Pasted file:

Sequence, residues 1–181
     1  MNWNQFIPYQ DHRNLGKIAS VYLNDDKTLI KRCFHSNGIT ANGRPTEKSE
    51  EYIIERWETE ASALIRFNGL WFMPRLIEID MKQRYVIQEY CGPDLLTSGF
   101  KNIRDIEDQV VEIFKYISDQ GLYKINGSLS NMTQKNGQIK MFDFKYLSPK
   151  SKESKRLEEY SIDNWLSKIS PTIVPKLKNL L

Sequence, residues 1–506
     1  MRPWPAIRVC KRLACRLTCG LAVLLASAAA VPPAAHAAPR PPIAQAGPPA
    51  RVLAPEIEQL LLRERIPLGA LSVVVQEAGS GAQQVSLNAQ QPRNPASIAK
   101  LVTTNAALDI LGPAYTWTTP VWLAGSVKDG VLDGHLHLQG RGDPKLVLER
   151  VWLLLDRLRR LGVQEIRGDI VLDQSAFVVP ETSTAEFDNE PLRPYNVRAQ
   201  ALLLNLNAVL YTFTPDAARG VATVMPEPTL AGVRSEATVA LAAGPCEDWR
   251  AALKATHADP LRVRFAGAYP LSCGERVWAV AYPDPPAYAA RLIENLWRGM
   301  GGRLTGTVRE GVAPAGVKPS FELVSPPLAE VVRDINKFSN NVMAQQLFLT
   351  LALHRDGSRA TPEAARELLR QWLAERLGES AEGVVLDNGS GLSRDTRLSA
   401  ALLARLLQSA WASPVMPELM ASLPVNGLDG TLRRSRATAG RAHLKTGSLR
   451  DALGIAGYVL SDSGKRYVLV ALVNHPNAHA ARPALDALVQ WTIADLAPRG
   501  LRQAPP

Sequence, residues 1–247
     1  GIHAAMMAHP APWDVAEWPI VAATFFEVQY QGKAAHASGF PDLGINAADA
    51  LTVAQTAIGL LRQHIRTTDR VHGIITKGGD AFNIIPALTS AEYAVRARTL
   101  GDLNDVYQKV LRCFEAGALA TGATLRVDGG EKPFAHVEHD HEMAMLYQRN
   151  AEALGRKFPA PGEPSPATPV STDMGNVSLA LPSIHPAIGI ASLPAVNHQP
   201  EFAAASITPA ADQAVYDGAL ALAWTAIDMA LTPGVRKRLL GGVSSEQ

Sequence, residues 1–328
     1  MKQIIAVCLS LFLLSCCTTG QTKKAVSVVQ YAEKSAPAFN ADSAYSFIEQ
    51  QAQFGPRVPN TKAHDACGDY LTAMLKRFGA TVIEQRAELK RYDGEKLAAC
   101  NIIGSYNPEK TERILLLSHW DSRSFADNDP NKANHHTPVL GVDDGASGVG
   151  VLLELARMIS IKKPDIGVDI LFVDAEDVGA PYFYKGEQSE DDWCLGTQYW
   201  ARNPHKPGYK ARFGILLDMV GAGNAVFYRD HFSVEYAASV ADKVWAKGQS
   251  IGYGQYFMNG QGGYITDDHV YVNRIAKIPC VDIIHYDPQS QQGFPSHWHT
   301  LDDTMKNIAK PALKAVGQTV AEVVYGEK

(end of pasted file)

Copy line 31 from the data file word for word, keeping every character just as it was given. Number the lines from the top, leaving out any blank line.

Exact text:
   301  LDDTMKNIAK PALKAVGQTV AEVVYGEK